Perhaps the way we measure these people should be by normalizing their actions within the system they are in. LB perhaps could have joined Greenpeace, or The Red Cross, etc, and made a big difference. But perhaps he feels that he could make as much difference or orders of magnitude more by playing within the capitalist system, and trying make the biggest difference this way.

    You could say, nitro, you are naive. The guy did it to make himself rich. Perhaps, but if his actions in the end are that he helps countless numbers of people the way Bill Gates has, would the people that received that help hold the same oppinion that you do about him?

    I don't like the God comment. It is a statement that others should make about you, not you about yourself. But if the man is on a mission to do Gods work, and he really believes it, and does it, we should be encouraging him, not focusing on the fact that he is rich and pays himself huge sums of money, imo.
  10. Fractal


    You're pretty much spot on. However...

    The irony of Blankfein's statement is that he overwrites what's defined as "God's work", as embodied in Jesus Christ, whom he quotes. Your and his interpretation of the benefits of investment is all true. But he is not even in the same time zone of the truth when trying to equate those things. That hints at sociopathic narcissism.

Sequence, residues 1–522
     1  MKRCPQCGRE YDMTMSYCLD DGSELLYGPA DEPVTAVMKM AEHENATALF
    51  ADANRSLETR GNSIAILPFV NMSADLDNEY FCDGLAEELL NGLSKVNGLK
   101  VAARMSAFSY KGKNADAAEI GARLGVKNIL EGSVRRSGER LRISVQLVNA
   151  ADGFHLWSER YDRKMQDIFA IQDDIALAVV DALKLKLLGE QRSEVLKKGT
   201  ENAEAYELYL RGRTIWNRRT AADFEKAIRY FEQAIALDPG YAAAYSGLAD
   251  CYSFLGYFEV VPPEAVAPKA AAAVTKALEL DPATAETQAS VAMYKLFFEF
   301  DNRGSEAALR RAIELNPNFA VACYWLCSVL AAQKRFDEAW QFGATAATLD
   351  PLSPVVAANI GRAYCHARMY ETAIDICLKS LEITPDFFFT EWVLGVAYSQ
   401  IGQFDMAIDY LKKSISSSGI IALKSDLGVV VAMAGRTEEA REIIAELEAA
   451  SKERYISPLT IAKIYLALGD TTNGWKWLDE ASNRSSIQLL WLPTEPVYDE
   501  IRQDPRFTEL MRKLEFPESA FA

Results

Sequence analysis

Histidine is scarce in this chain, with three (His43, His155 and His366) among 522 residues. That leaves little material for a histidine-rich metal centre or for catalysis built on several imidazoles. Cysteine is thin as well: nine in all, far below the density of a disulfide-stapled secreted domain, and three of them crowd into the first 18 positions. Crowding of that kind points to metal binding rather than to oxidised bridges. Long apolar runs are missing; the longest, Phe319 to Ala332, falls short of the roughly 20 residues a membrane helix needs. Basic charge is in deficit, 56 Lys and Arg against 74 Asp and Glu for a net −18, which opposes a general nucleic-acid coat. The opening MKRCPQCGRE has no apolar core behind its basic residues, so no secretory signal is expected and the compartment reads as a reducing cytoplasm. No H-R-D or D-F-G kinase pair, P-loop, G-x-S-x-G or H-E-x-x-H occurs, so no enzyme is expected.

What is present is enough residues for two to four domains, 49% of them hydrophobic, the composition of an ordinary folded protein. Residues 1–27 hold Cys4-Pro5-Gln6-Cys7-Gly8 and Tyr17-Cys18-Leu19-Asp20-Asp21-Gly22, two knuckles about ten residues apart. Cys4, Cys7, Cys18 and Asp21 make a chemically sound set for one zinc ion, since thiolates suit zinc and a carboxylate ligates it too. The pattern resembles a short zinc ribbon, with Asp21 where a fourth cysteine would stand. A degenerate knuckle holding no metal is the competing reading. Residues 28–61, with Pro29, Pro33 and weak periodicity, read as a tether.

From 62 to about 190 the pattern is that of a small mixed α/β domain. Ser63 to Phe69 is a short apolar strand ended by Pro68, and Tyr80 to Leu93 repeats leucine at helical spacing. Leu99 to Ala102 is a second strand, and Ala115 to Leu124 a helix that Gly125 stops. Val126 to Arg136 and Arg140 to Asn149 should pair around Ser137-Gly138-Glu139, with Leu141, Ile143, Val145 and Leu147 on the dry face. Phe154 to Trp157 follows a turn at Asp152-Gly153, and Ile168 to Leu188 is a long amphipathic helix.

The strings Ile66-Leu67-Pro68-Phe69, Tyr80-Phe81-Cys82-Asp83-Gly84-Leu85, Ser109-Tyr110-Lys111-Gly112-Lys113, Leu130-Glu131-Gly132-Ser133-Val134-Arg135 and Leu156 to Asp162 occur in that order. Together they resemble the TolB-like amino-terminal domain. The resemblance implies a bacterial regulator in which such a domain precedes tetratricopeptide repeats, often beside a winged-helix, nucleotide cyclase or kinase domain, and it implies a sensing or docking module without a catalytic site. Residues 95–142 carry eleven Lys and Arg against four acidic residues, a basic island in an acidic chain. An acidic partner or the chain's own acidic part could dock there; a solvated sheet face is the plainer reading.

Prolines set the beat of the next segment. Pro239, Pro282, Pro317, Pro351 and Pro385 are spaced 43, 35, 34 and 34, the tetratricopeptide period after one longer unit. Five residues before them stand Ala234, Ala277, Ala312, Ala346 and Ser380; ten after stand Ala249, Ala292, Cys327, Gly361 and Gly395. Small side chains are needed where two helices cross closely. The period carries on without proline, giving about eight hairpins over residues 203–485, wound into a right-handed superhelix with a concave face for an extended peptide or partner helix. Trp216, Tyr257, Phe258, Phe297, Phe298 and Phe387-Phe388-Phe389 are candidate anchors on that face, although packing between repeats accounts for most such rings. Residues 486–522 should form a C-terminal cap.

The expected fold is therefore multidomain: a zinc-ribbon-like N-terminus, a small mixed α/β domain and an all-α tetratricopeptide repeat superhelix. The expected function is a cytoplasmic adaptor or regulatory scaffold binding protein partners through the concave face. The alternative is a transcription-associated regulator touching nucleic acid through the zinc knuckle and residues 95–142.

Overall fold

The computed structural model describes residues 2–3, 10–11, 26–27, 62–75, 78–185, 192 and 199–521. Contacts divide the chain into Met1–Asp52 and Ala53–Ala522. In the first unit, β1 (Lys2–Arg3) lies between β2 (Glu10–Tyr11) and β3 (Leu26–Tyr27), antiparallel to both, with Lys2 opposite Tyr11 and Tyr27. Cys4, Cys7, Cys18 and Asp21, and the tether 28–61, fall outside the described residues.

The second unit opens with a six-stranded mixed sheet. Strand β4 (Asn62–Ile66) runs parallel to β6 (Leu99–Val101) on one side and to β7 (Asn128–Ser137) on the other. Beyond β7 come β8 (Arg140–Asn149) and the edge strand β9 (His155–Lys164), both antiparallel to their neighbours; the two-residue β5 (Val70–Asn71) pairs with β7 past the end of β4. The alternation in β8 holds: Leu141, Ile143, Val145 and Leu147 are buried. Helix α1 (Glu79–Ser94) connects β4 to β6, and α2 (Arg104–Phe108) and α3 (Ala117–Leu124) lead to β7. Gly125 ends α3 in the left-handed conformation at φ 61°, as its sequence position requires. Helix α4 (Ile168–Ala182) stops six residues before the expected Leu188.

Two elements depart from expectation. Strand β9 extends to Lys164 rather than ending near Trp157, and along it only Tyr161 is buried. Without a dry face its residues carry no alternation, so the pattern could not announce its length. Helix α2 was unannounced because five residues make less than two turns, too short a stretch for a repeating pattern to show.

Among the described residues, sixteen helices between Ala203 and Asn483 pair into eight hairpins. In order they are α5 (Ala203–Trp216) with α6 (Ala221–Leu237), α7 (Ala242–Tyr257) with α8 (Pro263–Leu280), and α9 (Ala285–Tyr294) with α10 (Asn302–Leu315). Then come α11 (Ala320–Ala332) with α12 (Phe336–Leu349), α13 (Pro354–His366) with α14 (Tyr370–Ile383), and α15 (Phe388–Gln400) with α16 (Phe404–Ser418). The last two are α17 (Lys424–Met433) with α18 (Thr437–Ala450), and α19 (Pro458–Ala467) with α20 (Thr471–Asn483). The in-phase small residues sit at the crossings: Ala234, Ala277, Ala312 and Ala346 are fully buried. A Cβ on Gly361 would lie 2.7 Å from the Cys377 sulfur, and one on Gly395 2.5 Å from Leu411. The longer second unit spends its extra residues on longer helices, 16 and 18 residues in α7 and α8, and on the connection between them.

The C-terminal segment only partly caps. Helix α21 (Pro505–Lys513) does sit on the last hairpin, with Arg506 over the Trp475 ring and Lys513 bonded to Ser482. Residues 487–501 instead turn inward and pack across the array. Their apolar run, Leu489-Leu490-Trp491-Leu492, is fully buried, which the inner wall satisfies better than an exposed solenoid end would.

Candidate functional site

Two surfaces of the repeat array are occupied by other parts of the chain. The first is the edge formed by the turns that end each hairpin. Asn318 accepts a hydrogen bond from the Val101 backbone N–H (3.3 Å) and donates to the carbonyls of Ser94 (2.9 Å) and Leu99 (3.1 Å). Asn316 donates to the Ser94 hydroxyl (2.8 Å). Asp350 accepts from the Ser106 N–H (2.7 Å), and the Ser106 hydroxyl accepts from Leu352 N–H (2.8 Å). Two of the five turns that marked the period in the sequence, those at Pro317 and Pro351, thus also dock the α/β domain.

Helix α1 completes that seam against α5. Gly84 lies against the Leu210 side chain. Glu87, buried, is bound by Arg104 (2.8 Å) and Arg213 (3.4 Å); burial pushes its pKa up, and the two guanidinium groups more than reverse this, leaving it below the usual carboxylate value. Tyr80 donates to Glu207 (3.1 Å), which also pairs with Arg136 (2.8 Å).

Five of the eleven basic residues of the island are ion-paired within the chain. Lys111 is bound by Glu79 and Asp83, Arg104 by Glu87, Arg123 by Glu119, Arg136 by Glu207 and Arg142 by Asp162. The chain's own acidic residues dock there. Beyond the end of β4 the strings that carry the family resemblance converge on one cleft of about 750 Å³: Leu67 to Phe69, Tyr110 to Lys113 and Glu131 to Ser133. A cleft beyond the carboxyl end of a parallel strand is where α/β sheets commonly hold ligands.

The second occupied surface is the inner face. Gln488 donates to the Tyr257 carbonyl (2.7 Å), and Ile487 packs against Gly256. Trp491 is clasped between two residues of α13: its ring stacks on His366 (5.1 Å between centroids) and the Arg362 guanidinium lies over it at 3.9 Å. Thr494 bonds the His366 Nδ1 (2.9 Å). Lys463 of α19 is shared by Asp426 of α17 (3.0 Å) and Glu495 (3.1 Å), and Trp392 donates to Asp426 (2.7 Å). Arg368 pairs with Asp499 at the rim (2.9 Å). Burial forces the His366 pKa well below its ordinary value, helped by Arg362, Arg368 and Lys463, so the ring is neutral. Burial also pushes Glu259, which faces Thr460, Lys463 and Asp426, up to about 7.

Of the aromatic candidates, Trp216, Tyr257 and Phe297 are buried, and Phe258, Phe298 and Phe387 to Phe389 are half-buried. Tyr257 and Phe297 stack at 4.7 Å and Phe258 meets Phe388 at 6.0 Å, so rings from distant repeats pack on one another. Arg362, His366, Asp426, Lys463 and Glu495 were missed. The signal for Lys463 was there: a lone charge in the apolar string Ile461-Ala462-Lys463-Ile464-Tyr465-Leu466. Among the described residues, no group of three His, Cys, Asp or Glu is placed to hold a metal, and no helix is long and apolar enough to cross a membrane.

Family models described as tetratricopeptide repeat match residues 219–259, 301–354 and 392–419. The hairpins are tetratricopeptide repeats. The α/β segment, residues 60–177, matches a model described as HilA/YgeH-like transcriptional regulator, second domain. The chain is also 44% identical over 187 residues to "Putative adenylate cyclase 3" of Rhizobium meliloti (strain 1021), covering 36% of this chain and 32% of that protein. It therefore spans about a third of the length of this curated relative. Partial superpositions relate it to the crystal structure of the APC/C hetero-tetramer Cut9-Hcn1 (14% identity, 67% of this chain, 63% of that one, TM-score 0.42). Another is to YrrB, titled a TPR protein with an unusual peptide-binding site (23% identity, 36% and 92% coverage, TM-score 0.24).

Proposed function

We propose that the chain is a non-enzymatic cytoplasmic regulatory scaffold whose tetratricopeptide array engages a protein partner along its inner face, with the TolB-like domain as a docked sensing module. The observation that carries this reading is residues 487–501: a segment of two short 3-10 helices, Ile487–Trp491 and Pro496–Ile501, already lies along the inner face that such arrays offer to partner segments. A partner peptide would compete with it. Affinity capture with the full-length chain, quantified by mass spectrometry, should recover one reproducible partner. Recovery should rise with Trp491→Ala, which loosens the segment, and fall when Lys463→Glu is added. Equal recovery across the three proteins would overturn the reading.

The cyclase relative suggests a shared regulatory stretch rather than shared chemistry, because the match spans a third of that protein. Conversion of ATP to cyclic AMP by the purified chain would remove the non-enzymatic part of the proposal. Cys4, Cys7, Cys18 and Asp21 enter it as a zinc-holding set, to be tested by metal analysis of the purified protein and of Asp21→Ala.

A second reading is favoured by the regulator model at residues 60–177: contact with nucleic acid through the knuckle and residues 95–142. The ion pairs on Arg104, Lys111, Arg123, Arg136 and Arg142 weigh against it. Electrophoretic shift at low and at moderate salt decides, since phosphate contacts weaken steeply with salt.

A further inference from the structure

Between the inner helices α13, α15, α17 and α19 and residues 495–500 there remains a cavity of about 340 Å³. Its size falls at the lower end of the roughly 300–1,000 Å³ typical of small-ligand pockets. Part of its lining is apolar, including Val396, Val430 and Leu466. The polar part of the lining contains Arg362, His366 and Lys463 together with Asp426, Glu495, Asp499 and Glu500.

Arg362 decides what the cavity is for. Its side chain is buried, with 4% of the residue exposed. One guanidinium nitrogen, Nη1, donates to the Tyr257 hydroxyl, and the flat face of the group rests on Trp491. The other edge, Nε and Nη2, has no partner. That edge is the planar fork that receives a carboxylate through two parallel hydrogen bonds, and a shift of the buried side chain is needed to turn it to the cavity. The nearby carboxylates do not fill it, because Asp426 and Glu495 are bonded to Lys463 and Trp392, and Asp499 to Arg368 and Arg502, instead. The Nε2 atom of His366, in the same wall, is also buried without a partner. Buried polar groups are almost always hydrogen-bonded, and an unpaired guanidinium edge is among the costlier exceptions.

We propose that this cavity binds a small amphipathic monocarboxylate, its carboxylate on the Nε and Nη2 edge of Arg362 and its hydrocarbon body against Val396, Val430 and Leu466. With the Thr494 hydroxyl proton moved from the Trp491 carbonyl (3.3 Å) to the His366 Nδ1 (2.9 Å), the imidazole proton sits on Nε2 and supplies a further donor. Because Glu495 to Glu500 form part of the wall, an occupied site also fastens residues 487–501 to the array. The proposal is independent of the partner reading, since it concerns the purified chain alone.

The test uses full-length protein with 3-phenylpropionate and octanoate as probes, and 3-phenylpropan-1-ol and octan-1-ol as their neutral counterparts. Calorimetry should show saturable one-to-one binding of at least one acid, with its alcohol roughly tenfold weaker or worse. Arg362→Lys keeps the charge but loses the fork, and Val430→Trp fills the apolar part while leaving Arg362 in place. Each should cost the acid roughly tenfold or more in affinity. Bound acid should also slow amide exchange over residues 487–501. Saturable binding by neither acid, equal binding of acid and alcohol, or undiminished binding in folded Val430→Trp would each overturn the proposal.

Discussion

I'm an atheist, but I recognize that what made Christ so potent and relevant was that his philosophy was radically selfless. When someone sues you, give him the cloak off your back as well. Give up all your possessions, walk with me, give your last ounce of food to the starving and diseased, and do it all without coveting or feeling entitled to your possessions. If you do any with the wrong motives, it'd be easier for a camel to be pushed through the eye of a needle than for you to get to heaven.

    That's the whole reason he actually got into the history books. It's purely "other-centered" and at odds with the cathexis at the core of human desire. And that's powerful.

    He's trying to co-opt that tradition with its polar opposite philosophy, by highlighting its positive effects. Justifying his own motives with a higher cause. Ever meet a sociopath? They do the same thing.
    #10     Nov 11, 2009